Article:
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She knew nothing of the place or its ways, Jane told her, and might give a false impression. How strange Jane Austen might have found it to think of three others of her nieces making their way to live on that incomprehensible island, where French ideas of liberty fired the imagination not only of the poor and downtrodden, but also of members of the aristocracy and the landed gentry.

She might have been more puzzled still to learn that the children of convicted rebels, prepared to attempt the overthrow of the British establishment, would be the trusted friends of her family in Ireland.

Literary Festival explored Jane Austen’s Donegal connections

By the mid-nineteenth century, little remained of life as the Georgians had known it. Accepted levels of status in society were to be challenged: marches and demonstrations, demands for greater parity from the disgruntled, dissident or dispossessed would alarm the Knights of Godmersham, especially when such upheavals affected their source of income, or threatened the well-being of family members. Yet, none of it — the Peterloo massacre, the rise of Chartism, the debate over Catholic Emancipation — would prove as frustrating or as baffling as the struggle to understand what was happening in Ireland.

The Act of Union of Great Britain and Ireland, with which the new century began, did not bring an end to rebellion and discontent in Ireland. If anything, it signalled a new and more militant era.

May, Lou & Cass: Jane Austen's Nieces in Ireland

Much of its direct political power had gone at a stroke; later reform legislation … saw the bases of Ascendancy social and economic power wither away. Yet, the fact that her three nieces did, for their different reasons, decide to live there made events in Ireland of paramount importance to the family. Failures of the harvest and consequent famine; insurrections and evictions; land acts and Home Rule debates became, as the century progressed, of increasing interest. What they witnessed was, as she would have been the first to acknowledge, quite beyond her experience: Ireland could never be England, and England was what she and her family knew.

The extraordinary stories of these daughters of the house speak to the grace, courage and compassion instilled in them by their Georgian upbringing, and by the rare privilege of having Jane Austen as their aunt and early teacher. The values they learned in childhood at Godmersham and Chawton were to stand to all three, in their long years of exile in Ireland.

The Many Lovers of Jane Austen in Dublin with Amanda Vickery and The Jane Austen Society of Ireland

Children of the same family, the same blood, with the same first associations and habits, have some means of enjoyment in their power, which no subsequent connections can supply. From the distance of two hundred years and considering her acknowledged greatness as a writer, it may be difficult to appreciate that Jane Austen was a single woman for whom a place in the family had to be found.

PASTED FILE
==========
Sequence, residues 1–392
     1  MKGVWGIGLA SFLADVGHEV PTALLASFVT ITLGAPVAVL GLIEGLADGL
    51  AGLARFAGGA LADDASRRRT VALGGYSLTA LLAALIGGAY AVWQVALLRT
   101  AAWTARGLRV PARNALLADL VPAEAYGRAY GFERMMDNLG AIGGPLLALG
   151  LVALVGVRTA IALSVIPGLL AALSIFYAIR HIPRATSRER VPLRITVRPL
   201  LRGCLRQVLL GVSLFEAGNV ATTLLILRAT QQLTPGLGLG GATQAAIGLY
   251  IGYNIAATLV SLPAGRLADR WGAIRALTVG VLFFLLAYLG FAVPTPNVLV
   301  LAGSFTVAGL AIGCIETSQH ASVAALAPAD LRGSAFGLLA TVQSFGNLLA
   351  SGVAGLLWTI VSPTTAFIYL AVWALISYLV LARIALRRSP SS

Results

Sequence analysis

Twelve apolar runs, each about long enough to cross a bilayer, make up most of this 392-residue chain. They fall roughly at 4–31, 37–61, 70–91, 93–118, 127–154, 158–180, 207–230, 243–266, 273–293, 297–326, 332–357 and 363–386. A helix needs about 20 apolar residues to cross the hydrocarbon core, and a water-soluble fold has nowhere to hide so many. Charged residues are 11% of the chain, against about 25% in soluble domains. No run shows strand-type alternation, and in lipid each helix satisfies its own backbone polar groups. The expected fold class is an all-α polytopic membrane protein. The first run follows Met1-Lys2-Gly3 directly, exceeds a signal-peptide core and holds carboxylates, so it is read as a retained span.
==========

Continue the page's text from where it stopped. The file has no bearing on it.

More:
The younger daughter and seventh of eight children born to the Reverend George Austen and his wife Cassandra Leigh, Jane had no money of her own.

This contented childhood at Steventon was interrupted only by an interlude at boarding school, where her parents made the curious decision to send her, at the age of six, with Cassandra. Surprisingly, this did not prevent her parents from sending both girls to yet another school in nearby Reading, from which they did not return until Jane was eleven years old.

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Yet, giving them an education may have been a matter of simple expediency to provide the girls with the means of earning a living. Neither their father, on the limited means of a clergyman, nor their mother, despite a well-connected family which included the Master of Balliol College, Oxford, could provide any guarantee of an inheritance, or even of a permanent home. If she did not marry well, or earn her living by another means, she would be poor throughout her life. With considerable strength of will Jane, like her heroine Elizabeth Bennet, declined at least one offer of a comfortable marriage from Mr Harris Bigg-Wither whom, though he was a neighbour and the brother of a dear friend, she could not love.

Edward was, within his own limits, a kindly brother to his sisters and mother. Sadly, it was by no means unusual, as Sense and Sensibility demonstrates, for brothers inheriting under the prevailing custom of primogeniture to overlook the unmarried or otherwise superannuated female members of their families. Her father, Edward Austen, was uniquely favoured among his siblings through his adoption by rich, childless relatives.

His good fortune would not seem out of place in fiction and, indeed, a similar device was used by his sister to explain the case of Frank Churchill in her novel, Emma. A distant cousin, Thomas Knight of Kent, the benefactor who owned the living, or parish, of Steventon which George Austen held, married Catherine Knatchbull in May A letter arrived from Godmersham begging that little Edward might be allowed to spend his holydays there — and proposing to send for him. What his own feeling may have been is not recorded. In , his fortunes rose further when his adopted mother invited him to move to Godmersham, proposing that she live in a smaller house in Canterbury.

With great fondness, she insisted.

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Sophia Hillan tells the fascinating story of Jane Austen’s Irish family

How the sisters ended up in Donegal during famine times reads like an Austen novel. Search Go. An Experimental Cook view more. Catherine was all eager delight; - her eyes were here, there, everywhere, as they approached its….